3. If it’s just something that you really don’t like. Whether you just hate the task, or it’s something that reallyl doesn’t play to your strengths, or whatever, if you’re going to save money but go crazy, it makes sense to pay if you have the money.

  15. Sandy says:

    I think it’s great to do as much as you can yourself…having said that, it’s actually illegal here to do some things yourself, such as electrical work….not that it stops us! Tradesmen often charge like wounded bulls here, and I simply resent paying their inflated prices, especially when they do a shoddy job.

  16. jim says:

    I think Trent makes a good point about the learning curve with some DIY work. THe first time fixing a toilet may take 2-3 hours but the 2nd, 3rd, etc times will be a lot quicker.

    I also agree with Kai’s comments.

    I also think you need to pick your battles. If you’re fairly knowledgeable about cars but know little about plumbing then it makes more sense to change your own oil and hire a plumber to fix your sink.

    Safety is also important. Don’t underestimate the potential danger of dealing with electricity, or the possibility of burning down your house with a torch or falling off a ladder.

  17. Alice says:

    While I agree with the general idea that learning to do repairs oneself is an excellent idea, the DIY’er should consider the potential consequences of “messing up” before starting. I personally know of several DIY projects gone bad that ended up costing hundreds (if not thousands) of dollars to deal with the aftermath where a trained professional would fixed the original problem for less than $100.

    “Messing up” DIY electricity and plumbing are especially likely to create costly new problems; the problems seem to come in where specialized tools are needed to do the work correctly, and the DIY’er tries to “make do” with something that’s not quite right for the task.

  18. Gretchen says:

    Generically, I totally agree with DIY.

    But I can think of many scenerios in which a broken toilet can be made worse by the home plumber, the least of which is not only because we only have one toilet.

  19. Drew says:

    It’s good to know your limits when it comes to DIY, but it’s also good to keep stretching your skills and ability. In the long run it has the potential to save you a lot of money, especially where the task needs repeating and/or you move home more frequently and keep facing the same tasks in your new home. But for some jobs there’s no shame in letting the pros take over!

  20. Marty says:

    Fourth, I’m showing my children it can be done.

    I am a DIY’er for just that reason. My father was a computer programmer but he tackled everything from Autos to Wiring. I was too young to notice it but now I just assume I should be able to fix it because, hell, I’m at least as smart as they guy I would have to pay.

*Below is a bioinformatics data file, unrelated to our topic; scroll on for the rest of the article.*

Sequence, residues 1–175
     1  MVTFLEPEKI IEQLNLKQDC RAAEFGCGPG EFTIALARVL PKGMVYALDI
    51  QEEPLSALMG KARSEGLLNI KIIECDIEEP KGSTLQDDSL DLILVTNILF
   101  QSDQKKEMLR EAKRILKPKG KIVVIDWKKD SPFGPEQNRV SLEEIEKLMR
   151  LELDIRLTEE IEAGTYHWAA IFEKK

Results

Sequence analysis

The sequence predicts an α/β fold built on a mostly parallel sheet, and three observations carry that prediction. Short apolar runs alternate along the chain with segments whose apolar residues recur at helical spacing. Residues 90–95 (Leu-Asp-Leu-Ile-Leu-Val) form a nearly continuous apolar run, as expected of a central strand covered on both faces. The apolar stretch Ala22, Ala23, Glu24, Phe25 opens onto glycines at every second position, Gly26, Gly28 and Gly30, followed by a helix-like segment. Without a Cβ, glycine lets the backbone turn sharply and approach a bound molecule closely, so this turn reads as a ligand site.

21. Kevin says:

    I’m with you on trying to fix things yourself, but when it comes to flammable gas and electric sparks, I think I’ll leave it to the experts.

    There’s a big differenece between messing up fixing a leaky toilet valve, and messing up a seal on a natural gas pipe.

  22. barb says:

    couldn t stop laughing at some of the comments!
    DIY is about learning to teach yourself.
    When you learn to teach yourself , you can do anything. So what if you make a few mistakes, you will learn.
    Just remember to put the beer down first!

  23. Tom says:

    Plumbers are extremely undervalued in Iowa (or overvalued in the philly metro area!) I’m pretty sure I can’t get a contractor/repair service for under $100 where I am.

  24. Andrew says:

    When I moved into my 108-year-old house I had to have the kitchen wiring and plumbing completely redone because some well-meaning previous owner had performed some horrendously bad DIY work on both systems.

    I prefer to follow the excellent Mike Holmes’ advice and leave such stuff to the professionals who know what they’re doing.

  25. Izabelle says:

    Andrew, I had the same problem with my house!

    The issue with home repairs, as with everything else, is that the competent know that they have blind spots and things to learn, while the ignorant think they’re excellent – precisely because they lack the competence or insight necessary to evaluate their own performance.

    That being said, being almost pathologically curious, I still have a strong preference for DYI if only for the sheer learning of it. The trick is to always question advice received and to cross-refence credible)sources before starting up something that could have serious consequences on your home’s safety or integrity.

  26. Viv says:

    I third Andrew #23’s comment.

    Know your limits and be careful. Fixing broken front steps — ok. Fixing the chopper assembly in a dishwasher — ok. Flat tires . . . ok. Messing with electric, gas, supporting walls, car brakes, roofing tiles from a height of 3 stories . . . not so much. I have a great handywoman who teaches as she works and who has shown me how to repair a light switch, put in a ceiling fan, and fix a leaky pipe, but I know my limits and how far I can push beyond them without serious consequences.

  27. chaitanya k says:

    good read!
    DIYers unite! :)

  28. J.D. says:

    This is EXACTLY my feeling on doing things yourself. Over time, you build up a lot of skills that you wouldn’t otherwise have, and you can save money by fixing things yourself. Most of my hobbies are just doing work myself instead of paying someone to come do them. It gives me a sense of satisfaction knowing that I can do it.